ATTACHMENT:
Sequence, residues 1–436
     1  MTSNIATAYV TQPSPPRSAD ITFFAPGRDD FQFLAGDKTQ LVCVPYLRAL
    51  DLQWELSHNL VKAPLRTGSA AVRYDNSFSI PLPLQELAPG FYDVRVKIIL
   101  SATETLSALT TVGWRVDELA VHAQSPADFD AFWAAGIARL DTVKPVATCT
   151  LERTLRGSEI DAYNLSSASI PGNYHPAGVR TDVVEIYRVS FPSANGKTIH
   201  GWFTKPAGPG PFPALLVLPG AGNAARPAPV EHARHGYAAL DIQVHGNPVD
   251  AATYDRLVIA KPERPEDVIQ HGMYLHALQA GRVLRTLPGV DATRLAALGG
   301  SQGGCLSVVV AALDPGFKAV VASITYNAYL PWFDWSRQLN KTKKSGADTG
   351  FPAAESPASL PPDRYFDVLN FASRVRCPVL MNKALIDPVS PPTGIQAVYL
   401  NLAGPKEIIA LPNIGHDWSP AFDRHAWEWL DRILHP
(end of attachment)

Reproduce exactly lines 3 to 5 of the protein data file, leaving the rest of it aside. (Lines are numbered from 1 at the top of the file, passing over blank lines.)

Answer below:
    51  DLQWELSHNL VKAPLRTGSA AVRYDNSFSI PLPLQELAPG FYDVRVKIIL
   101  SATETLSALT TVGWRVDELA VHAQSPADFD AFWAAGIARL DTVKPVATCT
   151  LERTLRGSEI DAYNLSSASI PGNYHPAGVR TDVVEIYRVS FPSANGKTIH